Loud noise can damage the inner ear and cause hearing loss. Studying mice, researchers at Washington University School of Medicine in St. Louis and the University of Iowa have shown that a drug compound can block damage caused by loud noise, raising the possibility of medication that prevents noise-induced hearing loss.
The study is published the week of Feb. 3 in the Proceedings of the National Academy of Sciences.
The spiral-shaped cochlea of the inner ear is responsible for detecting sound. Inner hair cells lining the cochlea transform the mechanical vibrations of sound waves into chemical signals. These chemicals — primarily one called glutamate — are then released from the hair cells and received by glutamate receptors on the auditory nerve fibers that then send electrical impulses to the brain. There, the signals are interpreted as language, music or signs of danger, for example.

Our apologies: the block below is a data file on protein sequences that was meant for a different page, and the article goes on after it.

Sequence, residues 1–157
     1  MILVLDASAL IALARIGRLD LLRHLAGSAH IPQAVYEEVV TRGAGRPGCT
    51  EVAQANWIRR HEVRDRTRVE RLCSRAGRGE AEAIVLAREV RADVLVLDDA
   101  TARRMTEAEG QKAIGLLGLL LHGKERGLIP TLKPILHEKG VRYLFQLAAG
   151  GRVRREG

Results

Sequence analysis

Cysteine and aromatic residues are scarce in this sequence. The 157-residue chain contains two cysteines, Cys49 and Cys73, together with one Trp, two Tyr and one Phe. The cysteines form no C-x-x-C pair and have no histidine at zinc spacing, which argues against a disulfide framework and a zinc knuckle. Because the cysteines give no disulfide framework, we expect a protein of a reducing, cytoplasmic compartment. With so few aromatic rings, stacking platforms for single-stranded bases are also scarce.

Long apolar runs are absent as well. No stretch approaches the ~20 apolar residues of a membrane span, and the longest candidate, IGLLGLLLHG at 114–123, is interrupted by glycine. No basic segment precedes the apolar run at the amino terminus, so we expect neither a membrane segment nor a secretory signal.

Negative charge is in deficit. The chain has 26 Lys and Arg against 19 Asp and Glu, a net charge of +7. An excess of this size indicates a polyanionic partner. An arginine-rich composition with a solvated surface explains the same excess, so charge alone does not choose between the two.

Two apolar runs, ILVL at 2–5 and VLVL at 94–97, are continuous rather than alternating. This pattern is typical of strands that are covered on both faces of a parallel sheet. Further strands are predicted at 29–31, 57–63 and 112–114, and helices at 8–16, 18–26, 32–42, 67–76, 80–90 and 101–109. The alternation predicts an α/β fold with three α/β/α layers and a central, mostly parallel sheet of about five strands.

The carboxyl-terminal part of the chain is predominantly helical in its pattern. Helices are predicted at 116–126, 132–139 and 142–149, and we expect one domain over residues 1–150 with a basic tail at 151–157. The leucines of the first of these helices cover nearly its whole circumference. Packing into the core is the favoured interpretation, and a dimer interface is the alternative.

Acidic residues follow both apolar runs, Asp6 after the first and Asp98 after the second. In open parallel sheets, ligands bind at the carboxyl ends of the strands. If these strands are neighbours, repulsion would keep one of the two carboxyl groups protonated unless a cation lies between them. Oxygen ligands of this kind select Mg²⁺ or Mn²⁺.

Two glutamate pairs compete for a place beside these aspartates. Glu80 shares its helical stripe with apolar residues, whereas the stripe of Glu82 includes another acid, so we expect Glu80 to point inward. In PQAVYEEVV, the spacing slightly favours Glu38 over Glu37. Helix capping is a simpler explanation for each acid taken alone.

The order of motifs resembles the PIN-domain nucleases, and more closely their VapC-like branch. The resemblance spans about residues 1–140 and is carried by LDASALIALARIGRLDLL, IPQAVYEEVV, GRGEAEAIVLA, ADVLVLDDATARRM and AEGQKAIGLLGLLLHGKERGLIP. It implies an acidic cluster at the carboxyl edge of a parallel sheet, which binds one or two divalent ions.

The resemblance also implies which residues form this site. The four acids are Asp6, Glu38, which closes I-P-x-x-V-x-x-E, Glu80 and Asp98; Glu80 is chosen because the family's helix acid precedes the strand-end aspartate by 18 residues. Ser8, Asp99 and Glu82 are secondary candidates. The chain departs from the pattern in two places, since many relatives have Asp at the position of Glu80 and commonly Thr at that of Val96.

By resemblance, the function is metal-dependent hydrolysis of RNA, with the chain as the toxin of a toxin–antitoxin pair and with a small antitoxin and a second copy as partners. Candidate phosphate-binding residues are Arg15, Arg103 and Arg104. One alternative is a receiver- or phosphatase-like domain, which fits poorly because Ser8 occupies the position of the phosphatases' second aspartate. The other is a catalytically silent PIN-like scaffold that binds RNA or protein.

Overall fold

The junction between a hair cell and a nerve fiber is called a synapse. Loud noise can release too much glutamate, overwhelming the glutamate receptors, which leads to loss of synapses and, eventually, a condition called sensorineural hearing loss. More than 460 million people worldwide live with hearing loss that negatively impacts their daily lives, according to the World Health Organization. By 2050, that number is projected to increase to more than 900 million.
“Sensorineural hearing loss is the most common sensory deficit worldwide, and there are no medicinal treatments for preventing it,” said co-author Mark A. Rutherford, PhD, an assistant professor of otolaryngology at Washington University. “Glutamate receptors are essential for hearing, but overstimulating them can lead to irreversible damage to synapses. What we have found is that glutamate receptors are not all the same, allowing us to block some while leaving others unblocked. When we blocked one subclass of glutamate receptor while leaving the other active, we prevented the damage while maintaining hearing function.”